Energy is a big deal in the Obama administration. Billions of dollars in the economic stimulus package are earmarked for upgrading the power grid, paying for alternative energy credits, and developing clean energy sources. On Tuesday, a 'cash-for-clunkers' bill intended to get gas guzzlers off the road rolled through the House. But at the Department of Energy, it's been business as usual.An audit report released by Inspector General Gregory H. Friedman in late May puts the DOE in a hot seat warmed by always-on PCs and data centers where energy use goes unmonitored.
"Despite its recognized energy conservation leadership role," Friedman's introductory memorandum reads, "the Department had not always taken advantage of opportunities to reduce energy consumption associated with its information technology resources."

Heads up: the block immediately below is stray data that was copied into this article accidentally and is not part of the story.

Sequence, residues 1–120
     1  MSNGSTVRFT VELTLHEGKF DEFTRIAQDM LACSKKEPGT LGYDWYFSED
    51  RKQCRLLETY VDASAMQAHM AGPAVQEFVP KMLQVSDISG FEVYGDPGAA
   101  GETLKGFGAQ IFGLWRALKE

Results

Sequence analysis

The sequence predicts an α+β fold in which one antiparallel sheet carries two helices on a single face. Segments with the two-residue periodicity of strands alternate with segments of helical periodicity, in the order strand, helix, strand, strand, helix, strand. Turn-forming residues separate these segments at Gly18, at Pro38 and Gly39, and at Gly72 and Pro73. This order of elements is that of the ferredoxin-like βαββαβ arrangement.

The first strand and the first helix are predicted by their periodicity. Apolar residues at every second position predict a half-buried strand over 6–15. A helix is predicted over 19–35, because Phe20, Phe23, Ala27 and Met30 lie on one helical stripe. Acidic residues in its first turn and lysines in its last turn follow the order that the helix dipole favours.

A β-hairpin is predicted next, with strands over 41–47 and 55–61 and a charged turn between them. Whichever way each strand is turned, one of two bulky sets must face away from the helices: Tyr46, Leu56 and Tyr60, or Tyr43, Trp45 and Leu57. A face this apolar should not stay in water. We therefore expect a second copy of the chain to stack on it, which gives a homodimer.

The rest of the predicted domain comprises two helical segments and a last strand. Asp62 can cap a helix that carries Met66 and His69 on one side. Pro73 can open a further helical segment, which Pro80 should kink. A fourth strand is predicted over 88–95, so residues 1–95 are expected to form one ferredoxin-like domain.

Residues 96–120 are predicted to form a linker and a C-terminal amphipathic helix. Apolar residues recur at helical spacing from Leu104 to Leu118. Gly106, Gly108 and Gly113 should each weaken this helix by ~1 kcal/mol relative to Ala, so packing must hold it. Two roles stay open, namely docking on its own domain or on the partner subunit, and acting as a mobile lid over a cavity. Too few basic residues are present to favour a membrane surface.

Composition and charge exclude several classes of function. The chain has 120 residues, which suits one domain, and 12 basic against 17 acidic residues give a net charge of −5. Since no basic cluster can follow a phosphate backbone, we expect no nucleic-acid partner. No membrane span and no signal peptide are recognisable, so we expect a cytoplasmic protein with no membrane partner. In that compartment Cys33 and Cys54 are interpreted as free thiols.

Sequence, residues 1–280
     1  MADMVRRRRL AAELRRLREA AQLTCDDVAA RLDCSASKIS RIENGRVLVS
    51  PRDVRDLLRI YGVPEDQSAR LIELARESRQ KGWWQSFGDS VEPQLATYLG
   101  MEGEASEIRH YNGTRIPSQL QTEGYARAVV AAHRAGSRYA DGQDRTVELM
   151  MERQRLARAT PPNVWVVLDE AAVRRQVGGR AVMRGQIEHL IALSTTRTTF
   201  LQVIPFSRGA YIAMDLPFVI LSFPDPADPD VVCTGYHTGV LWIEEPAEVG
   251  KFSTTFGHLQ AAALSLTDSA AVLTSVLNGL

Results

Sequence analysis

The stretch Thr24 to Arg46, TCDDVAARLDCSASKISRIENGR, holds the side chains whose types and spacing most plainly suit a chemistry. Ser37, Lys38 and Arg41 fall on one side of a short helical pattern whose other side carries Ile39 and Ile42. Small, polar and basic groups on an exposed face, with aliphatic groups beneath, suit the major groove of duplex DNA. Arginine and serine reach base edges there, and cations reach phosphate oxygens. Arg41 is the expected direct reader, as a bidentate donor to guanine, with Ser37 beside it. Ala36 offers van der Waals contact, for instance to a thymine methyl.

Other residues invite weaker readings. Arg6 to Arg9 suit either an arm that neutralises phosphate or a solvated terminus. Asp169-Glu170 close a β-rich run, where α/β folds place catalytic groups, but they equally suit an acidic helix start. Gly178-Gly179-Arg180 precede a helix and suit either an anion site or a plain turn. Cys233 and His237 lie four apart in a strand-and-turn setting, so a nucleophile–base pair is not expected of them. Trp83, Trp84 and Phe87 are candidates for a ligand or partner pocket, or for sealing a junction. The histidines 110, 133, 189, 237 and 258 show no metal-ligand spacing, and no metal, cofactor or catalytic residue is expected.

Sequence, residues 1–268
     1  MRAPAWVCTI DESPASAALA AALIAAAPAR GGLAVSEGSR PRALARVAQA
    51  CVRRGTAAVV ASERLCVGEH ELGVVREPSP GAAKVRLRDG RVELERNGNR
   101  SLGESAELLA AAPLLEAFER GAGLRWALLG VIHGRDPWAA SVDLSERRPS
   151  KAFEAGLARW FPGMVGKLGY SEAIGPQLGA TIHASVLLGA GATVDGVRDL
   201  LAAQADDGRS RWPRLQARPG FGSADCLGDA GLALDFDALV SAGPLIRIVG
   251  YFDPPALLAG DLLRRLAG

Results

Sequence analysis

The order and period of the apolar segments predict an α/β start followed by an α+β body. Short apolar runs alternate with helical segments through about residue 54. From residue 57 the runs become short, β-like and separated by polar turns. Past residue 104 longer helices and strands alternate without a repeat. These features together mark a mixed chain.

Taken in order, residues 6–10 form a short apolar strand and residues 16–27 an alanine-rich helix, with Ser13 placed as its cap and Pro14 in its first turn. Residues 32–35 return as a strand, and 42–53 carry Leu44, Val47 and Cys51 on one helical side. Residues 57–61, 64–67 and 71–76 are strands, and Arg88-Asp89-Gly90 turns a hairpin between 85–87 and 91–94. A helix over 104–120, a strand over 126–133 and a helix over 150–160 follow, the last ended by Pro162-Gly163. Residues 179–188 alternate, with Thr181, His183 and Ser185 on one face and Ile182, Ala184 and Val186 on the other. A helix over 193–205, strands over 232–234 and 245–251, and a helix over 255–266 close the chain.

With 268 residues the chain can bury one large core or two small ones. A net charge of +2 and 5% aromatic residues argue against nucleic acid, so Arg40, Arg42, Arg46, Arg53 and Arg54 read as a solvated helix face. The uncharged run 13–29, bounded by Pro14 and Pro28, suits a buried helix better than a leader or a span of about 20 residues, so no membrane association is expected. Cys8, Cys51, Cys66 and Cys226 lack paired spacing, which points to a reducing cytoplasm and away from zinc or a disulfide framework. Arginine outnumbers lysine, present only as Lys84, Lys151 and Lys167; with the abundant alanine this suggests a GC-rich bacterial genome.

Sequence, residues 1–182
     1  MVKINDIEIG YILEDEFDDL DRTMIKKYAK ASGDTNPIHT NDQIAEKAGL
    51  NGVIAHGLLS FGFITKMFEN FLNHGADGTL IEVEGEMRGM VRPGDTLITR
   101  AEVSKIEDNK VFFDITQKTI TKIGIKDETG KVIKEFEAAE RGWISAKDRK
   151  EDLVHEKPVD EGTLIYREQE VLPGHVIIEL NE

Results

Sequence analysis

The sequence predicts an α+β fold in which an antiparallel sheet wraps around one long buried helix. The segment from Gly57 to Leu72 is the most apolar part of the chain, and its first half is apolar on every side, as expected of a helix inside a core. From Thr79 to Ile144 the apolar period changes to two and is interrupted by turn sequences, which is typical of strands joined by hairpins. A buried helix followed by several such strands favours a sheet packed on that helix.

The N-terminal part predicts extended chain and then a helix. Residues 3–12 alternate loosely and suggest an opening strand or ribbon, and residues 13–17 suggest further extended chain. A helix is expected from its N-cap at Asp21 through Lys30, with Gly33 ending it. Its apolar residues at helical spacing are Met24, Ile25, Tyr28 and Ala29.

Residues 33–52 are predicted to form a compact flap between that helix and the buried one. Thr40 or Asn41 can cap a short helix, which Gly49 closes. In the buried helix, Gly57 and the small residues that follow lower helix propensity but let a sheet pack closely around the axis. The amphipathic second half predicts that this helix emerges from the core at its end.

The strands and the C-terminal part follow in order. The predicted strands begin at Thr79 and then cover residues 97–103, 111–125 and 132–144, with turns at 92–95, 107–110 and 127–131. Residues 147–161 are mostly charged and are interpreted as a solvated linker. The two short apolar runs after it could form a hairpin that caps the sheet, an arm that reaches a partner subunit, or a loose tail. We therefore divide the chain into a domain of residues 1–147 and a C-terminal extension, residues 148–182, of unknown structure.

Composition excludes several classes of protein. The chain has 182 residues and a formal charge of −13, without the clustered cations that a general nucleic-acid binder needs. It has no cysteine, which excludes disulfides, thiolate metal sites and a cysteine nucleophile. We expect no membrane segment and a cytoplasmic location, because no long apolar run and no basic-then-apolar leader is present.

How has the DOE neglected opportunities to lower its own energy use? Let us count the ways:
Here's a howler from the report: "We found that even though the Department's Office of Energy Efficiency and Renewable Energy recently developed the Data Center Energy Profiler -- an automated tool designed to identify numerous energy-saving opportunities within data centers -- at a cost of $465,000, none of the sites reviewed had utilized this tool."
I'm not sure what's going on at the DOE's IT operations, but this is the same agency that got hacked nearly 200 times in fiscal 2004. Four years on, there's still ample room for improvement.
See the full report here.